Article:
These flavours, a seemingly ill-aligned profile of oil and wine and aniseed, are a bit like chilli and chocolate, maple syrup and bacon, avocado and raspberries, that is, they work. In fact these ciambelline could be the most adaptable biscuits you make – we’re thinking they really could be dipped, dunked and spooned into all manner of things. Hot chocolate and black tea for slow days then stiff drinks for later – a sweet sherry, a dry sherry to compliment the savoury, yeasty tones; cointreau for a bit of zest; eaten with rosé at lunch or a hearty red on a dark night. Creams – perhaps lemon syllabub, or soaked prunes mashed into a thin creme fraiche or perhaps eaten on the side of a panna cotta.
There’s no story today – just biscuits with red wine for dunking in red wine – all you need to remember them by.
Ciambelline al Vino
Recipe from Rachel eats
On the original post no measurements are included in recognition of true Italian cooking style – a ‘feel your way/you’ll know when you see it’ approach. I have included measurements but the recipe should be easy enough to halve or double as you like. Equal quantities of sugar, olive oil and wine are key. Next time I might add a smidgeon of grated lemon zest.
1 cup sugar
1 cup extra virgin olive oil
1 cup wine – red, white or fortified (I used red)
1/2 teaspoon salt
2 tablespoons fennel seeds
flour – I needed close to 5 cups in total
sugar for dusting
In a bowl stir together the sugar, olive oil and wine. Add the salt and fennel seeds then begin to add flour in small measures, mixing at each addition until a soft dough has formed and comes away from the sides.
Turn onto a floured surface and knead lightly for several minutes, adding more flour until the dough is smooth. Cover and rest for at least an hour. Pre-heat oven to 180°C. Line a baking tray with paper.
Break off walnut size pieces and roll between your hands or on the bench until a slim log forms – about 8-10cm. Wrap the ends around to meet and pinch together. If the dough gets too oily, rub your hands with flour. Pour a bit of sugar in a small bowl and place the ciambelline in the sugar until lightly covered. Place the biscuits on the oven tray and bake for 20-25 minutes.
It takes me a while sometimes to recall the good food I ate as a child. If prompted for fond food memories I probably couldn’t tell you a great deal but over time moments from the past come to mind. Sometimes I forget it’s been a fair few years since I was seven and there’s not a hope of me remembering every evening meal and lunchbox packed. Sometimes this thought saddens me, other times, I find it a relief.
But I remember our kitchen, small and pokey with heavy wooden drawers and a smooth white door frame between the kitchen a round wooden table. I can’t remember the frame ever having a door but for me it was a climbing frame as I gripped my way to the top and would perch, my back pressed against one side, my bare feet firmly planted on the other, talking to my mother in the kitchen. I never fell.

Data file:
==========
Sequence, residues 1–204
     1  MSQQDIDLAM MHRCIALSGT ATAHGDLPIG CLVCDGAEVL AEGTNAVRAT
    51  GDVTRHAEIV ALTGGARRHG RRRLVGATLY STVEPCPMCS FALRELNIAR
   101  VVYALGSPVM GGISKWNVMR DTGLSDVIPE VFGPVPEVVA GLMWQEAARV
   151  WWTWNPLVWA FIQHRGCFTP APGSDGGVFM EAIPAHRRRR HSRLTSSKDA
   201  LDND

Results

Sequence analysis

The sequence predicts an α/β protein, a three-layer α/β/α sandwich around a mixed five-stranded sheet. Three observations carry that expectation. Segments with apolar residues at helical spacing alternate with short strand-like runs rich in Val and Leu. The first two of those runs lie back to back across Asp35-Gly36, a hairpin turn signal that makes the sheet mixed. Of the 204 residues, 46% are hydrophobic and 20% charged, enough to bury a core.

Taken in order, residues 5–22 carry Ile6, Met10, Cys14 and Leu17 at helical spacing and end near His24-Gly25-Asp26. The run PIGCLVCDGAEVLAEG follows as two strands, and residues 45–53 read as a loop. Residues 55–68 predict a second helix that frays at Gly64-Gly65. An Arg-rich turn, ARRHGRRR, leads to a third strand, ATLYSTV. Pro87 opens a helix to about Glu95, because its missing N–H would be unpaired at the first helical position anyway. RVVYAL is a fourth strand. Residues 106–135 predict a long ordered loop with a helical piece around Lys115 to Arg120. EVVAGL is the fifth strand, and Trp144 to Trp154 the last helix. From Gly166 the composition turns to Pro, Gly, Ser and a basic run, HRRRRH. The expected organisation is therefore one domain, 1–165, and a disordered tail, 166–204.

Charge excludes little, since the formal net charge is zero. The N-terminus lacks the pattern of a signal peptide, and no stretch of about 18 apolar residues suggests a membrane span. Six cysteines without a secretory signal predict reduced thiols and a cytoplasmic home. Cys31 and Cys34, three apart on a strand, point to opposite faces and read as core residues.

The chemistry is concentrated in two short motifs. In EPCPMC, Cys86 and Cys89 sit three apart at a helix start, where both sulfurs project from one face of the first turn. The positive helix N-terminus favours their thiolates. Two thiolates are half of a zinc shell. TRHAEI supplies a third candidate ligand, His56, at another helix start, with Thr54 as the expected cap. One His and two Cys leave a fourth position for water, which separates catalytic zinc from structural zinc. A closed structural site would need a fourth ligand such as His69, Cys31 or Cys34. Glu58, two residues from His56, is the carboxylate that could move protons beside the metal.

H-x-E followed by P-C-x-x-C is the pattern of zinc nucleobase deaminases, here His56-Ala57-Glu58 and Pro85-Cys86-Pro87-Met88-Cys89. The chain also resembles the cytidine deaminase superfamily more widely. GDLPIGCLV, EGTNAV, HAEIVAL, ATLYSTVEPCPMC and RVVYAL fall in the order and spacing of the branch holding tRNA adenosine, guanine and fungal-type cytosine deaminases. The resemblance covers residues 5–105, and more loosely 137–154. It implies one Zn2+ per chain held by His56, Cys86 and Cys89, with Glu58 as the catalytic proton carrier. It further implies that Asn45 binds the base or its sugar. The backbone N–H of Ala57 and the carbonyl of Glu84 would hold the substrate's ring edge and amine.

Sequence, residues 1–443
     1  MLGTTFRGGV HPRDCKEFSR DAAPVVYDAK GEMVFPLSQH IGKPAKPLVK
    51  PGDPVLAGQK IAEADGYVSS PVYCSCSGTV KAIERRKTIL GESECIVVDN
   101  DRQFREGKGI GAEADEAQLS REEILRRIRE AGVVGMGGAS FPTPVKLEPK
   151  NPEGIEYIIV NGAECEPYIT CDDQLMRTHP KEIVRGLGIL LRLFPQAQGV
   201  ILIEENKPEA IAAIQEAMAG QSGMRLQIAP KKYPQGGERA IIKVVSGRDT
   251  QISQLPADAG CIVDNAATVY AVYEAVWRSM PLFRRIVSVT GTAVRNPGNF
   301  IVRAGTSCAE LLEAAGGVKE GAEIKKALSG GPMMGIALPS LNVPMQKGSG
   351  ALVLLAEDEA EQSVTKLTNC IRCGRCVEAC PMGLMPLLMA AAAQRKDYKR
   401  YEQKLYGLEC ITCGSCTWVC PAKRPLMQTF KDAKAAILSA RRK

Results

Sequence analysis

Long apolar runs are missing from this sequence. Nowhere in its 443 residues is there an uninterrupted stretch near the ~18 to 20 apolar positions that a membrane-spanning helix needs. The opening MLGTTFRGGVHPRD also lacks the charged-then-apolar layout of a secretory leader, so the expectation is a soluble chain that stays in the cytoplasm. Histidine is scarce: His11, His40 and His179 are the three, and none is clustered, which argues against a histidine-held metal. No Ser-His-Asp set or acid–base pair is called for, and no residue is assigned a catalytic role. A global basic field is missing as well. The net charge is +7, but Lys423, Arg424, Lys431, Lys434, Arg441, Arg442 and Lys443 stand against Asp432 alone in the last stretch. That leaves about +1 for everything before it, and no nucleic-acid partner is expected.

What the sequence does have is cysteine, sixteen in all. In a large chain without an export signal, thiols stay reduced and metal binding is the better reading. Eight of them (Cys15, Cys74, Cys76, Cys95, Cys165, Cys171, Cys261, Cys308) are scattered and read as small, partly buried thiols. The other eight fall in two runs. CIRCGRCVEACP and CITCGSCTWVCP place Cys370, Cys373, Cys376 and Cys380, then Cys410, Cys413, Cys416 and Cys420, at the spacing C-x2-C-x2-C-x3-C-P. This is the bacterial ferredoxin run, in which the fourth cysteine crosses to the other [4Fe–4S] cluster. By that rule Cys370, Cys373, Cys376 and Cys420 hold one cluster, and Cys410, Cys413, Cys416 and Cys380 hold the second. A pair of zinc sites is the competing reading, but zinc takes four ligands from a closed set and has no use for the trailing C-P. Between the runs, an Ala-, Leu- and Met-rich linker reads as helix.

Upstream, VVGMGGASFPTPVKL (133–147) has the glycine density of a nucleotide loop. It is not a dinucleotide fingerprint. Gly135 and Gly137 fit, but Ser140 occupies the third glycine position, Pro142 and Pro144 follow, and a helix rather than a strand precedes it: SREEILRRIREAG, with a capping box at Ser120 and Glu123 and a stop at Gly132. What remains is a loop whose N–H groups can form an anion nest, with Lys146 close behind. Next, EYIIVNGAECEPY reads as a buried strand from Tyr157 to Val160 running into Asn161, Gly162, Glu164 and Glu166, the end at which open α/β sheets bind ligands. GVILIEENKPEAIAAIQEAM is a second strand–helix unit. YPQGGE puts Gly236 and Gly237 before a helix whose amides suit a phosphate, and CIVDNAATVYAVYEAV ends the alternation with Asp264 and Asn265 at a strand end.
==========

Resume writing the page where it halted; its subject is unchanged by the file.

This kitchen was eventually expanded, my climbing frame busted down and the room opened out. In the new kitchen and the old one and I suppose the other kitchens in other houses that have come since, the same sort of things happened. Hundreds of sandwiches would have been made in my childhood kitchen, oranges peeled and apples chopped, cereal poured. There would have been chocolate cake and banana cake, lasagne and roast chicken, lamb chops, mashed potatoes, tomato on toast, spaghetti bolognaise or meatballs, sausages – family food.
I remember special occasion foods – the marmalade glaze on the Christmas ham, the time Mum butterflied and roasted lamb and we ate outside in the middle of a summer day, roasting marshmallows in the flames of the brazier on summer nights. I’ll remember for always the avocado halves with slithers of cold smoked salmon we ate for Christmas entrée several years.
We had a few traditions too which I remember fondly. Every Saturday morning all four of us would do the supermarket shopping together. Even now, a family trip to the supermarket seems something to be celebrated, even if it’s just to buy yoghurt and bread. But those Saturday mornings were precious, if not exactly for wandering the aisles, but for what came after – Scottish malt loaf, toasted and slathered in butter. Our supermarket’s bakery section made the loaf, my Dad’s favourite, and often on a Saturday morning the bread would still be warm, the raisins soft and plump and the malty flavour almost caramel, the just overdone sort of caramel with near-savoury tones.
Another tradition: to shyly mock my Dad when he made his long-term go-to dinner, the same dinner he made on his cooking nights when flatting – grilled lamb chops with boiled and buttered potatoes, curried carrots and a green vegetable of some sort. Mock is not the right word, I’m not sure what is really, for we never complain – you cannot go wrong with grilled lamb chops and my Dad’s curried carrots are as good as they come. Perhaps mocking, lovingly, was our way of saying thanks for cooking Dad.